Pakistan’s finance minister says government checked currency speculation, convinced exporters to return money to country to stabilize rupee.
Finance minister Ishaq Dar on Wednesday said he was optimistic about an economic recovery after the rupee breached the psychologically important 100 to the dollar mark.
The currency had been losing its value against the greenback since Sharif’s PMLN government came to power in June last year, sliding from 97 rupees to the dollar to a low of 108 in December. Since then it has mounted a recovery and as of Wednesday evening the rupee was trading at 97.90 to the dollar.
Addressing a press conference Wednesday, Dar said: “The price of onions, tomatoes and dollars has been brought down to the level when Prime Minister Nawaz Sharif took oath. It is a positive development for the economy and will boost investors’ confidence in Pakistan.”
The finance minister said the government was not resorting to injecting reserves from the state bank in order to stabilize the currency. “We did not use State Bank money to strengthen the rupee, but persuaded exporters to bring back their money to Pakistan and checked currency speculation, which resulted in the rising value of the rupee,” he added.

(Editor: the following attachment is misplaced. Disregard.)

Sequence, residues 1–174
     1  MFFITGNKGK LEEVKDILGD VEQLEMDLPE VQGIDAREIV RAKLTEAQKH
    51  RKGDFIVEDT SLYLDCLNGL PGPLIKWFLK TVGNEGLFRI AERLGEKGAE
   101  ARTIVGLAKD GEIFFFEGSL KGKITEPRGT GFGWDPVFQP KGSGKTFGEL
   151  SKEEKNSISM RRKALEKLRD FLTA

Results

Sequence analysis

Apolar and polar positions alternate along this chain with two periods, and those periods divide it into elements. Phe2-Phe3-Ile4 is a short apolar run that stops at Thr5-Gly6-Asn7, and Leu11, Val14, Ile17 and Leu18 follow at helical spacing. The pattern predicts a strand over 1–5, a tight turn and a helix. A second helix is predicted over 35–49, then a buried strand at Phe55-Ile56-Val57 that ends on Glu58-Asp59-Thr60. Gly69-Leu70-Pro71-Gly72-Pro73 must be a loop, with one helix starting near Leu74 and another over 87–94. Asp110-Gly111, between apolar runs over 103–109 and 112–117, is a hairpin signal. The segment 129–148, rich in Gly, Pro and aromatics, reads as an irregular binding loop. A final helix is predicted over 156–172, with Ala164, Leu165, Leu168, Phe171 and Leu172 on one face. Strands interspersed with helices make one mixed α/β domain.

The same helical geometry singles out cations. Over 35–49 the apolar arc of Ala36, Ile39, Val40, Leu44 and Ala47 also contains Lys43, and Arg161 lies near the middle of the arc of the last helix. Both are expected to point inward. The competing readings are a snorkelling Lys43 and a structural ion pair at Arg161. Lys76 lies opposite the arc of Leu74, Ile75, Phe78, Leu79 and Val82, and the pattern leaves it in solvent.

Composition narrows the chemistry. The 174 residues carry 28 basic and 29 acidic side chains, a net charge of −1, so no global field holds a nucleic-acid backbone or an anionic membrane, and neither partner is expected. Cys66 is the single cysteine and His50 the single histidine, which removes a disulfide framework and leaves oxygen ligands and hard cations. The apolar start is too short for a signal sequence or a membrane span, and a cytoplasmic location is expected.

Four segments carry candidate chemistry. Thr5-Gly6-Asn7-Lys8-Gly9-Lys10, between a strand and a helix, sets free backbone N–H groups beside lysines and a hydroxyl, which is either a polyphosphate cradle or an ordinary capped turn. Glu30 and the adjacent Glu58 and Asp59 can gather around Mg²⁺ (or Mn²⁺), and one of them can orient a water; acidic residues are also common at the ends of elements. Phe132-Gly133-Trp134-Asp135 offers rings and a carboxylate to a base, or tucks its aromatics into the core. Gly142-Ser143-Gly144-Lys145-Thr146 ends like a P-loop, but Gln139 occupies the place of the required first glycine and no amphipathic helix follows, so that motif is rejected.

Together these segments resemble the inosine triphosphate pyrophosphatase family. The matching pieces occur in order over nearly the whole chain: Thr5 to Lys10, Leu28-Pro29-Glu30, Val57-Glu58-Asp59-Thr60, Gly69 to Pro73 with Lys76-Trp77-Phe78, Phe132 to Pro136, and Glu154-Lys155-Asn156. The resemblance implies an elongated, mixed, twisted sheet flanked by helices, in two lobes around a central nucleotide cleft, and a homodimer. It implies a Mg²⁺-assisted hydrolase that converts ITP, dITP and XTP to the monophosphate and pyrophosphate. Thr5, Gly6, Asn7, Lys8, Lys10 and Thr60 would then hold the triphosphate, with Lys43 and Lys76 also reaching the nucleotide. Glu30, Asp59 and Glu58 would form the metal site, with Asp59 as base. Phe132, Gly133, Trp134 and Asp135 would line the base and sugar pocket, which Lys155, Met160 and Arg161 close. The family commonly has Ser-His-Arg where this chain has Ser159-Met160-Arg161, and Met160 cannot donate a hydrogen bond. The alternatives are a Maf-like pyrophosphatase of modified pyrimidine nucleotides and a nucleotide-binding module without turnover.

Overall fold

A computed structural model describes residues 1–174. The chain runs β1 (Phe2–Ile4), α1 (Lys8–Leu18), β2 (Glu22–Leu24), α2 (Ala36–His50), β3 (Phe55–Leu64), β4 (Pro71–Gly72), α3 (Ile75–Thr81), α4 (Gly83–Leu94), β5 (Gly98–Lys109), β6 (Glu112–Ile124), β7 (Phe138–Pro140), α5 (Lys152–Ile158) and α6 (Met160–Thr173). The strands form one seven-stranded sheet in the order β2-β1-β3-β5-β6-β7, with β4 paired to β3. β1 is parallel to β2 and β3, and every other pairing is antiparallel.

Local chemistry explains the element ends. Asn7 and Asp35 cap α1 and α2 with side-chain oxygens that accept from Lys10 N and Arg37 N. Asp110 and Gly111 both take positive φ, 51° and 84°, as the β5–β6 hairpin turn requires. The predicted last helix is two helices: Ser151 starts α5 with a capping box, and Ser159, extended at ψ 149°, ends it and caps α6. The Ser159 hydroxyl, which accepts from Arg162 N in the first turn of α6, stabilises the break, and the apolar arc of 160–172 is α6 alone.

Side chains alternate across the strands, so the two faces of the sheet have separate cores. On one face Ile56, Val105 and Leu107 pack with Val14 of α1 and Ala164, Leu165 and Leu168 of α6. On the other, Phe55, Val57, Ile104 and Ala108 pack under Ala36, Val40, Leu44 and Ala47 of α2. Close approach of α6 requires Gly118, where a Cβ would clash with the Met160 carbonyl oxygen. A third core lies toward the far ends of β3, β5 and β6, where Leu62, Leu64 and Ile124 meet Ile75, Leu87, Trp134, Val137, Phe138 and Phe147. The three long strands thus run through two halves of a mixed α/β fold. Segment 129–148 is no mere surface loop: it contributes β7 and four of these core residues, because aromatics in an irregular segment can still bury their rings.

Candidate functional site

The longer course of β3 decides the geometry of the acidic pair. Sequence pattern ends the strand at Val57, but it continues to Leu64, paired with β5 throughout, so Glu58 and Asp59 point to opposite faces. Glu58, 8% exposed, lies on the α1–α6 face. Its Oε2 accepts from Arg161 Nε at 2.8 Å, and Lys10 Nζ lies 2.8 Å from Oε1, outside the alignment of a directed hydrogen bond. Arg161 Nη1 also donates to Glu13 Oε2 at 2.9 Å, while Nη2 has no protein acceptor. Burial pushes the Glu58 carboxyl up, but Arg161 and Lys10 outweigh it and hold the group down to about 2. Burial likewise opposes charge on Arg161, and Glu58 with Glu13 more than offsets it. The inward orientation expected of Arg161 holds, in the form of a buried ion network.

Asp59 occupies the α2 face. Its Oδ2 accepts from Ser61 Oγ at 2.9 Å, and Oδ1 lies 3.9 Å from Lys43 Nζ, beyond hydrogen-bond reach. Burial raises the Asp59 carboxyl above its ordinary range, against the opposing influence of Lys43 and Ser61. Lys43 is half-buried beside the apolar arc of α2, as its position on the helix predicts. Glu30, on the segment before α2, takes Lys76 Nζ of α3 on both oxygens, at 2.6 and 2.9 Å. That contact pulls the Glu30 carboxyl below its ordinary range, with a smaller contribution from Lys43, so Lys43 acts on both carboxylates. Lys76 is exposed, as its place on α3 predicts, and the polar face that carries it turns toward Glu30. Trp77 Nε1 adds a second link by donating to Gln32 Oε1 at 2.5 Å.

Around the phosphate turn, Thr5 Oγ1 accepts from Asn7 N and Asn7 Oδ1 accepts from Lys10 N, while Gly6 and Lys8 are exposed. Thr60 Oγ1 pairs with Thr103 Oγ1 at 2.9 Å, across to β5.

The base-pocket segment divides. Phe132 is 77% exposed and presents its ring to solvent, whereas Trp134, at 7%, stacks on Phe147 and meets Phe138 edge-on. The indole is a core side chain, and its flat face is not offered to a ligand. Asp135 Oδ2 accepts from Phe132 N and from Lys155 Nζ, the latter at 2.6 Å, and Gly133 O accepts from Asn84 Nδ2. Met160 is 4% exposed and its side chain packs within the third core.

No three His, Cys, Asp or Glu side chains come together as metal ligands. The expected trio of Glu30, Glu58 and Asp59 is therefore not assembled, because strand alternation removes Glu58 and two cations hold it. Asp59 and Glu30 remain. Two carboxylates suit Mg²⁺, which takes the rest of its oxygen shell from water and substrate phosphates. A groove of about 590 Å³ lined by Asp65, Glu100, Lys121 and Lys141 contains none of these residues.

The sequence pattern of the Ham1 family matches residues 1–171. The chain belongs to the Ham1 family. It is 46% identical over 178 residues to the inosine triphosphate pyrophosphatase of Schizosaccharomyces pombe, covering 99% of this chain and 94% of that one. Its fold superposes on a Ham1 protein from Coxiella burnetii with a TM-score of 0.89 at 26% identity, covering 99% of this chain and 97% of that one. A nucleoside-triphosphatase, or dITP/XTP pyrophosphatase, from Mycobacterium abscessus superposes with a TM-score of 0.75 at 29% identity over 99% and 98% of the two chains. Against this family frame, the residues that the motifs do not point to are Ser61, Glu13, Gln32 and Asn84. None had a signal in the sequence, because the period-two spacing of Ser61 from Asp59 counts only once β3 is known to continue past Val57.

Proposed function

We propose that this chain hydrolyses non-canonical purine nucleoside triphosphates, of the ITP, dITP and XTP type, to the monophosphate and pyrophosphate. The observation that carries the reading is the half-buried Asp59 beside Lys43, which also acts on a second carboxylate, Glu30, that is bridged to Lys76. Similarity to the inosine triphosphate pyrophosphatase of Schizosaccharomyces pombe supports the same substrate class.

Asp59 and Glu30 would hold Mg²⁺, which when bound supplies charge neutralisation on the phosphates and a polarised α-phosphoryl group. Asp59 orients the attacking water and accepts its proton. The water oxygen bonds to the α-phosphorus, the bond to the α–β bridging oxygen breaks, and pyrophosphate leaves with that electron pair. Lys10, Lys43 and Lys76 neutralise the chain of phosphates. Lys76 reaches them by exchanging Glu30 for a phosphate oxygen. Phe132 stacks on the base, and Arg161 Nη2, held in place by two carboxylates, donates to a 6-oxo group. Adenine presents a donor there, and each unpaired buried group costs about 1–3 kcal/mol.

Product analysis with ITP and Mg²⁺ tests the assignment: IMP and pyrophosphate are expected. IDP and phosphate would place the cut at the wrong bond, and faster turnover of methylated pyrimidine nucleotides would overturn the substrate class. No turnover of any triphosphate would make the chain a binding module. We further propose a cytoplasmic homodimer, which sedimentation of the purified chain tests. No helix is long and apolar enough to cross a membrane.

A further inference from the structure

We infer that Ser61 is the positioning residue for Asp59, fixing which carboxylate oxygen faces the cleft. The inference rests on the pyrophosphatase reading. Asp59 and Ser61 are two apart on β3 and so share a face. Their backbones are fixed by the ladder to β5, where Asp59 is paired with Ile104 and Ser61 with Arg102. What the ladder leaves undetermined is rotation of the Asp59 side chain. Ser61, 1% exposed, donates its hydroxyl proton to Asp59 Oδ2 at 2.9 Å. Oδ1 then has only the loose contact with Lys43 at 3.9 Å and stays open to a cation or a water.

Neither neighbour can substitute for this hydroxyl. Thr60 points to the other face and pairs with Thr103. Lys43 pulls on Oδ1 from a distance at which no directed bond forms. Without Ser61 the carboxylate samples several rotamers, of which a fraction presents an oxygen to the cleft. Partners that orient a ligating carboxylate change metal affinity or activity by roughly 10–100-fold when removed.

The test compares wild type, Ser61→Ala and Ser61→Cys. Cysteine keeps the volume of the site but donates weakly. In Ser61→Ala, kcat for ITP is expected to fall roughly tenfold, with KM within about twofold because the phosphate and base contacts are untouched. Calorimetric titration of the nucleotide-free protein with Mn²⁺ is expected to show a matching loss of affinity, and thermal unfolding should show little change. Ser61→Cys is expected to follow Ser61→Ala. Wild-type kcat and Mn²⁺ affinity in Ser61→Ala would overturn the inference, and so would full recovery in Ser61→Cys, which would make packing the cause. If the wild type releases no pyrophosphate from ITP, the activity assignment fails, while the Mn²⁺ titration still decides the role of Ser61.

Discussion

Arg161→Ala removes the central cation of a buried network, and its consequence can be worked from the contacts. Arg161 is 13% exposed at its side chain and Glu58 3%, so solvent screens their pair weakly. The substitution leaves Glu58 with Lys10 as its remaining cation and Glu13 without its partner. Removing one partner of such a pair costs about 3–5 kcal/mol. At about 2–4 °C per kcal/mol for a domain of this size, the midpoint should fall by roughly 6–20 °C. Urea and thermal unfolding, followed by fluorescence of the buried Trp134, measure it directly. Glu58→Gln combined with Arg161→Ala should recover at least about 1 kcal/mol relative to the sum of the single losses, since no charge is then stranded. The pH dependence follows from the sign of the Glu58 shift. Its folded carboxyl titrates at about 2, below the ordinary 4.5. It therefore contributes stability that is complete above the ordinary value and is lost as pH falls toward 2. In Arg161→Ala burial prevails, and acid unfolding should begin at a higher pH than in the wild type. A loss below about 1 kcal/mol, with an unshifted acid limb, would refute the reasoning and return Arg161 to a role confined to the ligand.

Dar said that revenue from tax collection, which has traditionally been problematic, had increased by 17.7 percent and the budget deficit was down to 3.1 percent as compared to 4.1 percent in the first eight months of last year. He added that overseas remittances by Pakistanis abroad stood at $9.23 billion, representing an 11 percent growth compared with last year.
Dar said that exports have also shown a 6.2 percent growth while the rate of inflation was currently 8.6 percent. “We are on track to achieve six percent GDP growth rate in three years and Pakistan can emerge as a strong economy in the region,” Dar said.
The IMF approved a $6.7 billion bailout loan package for Pakistan in September 2013 to help the struggling country achieve economic reforms, particularly in its troubled energy sector. The IMF said Pakistan’s economy was picking up, with growth expected to reach about 3.1 percent in 2013/14 compared to its earlier estimate of 2.8 percent.
The IMF made an initial payment of $540 million, and in November fund officials said during a monitoring visit that Pakistan was “broadly on track” with reforms. In December, Pakistan received $554 million as a second tranche of the loan.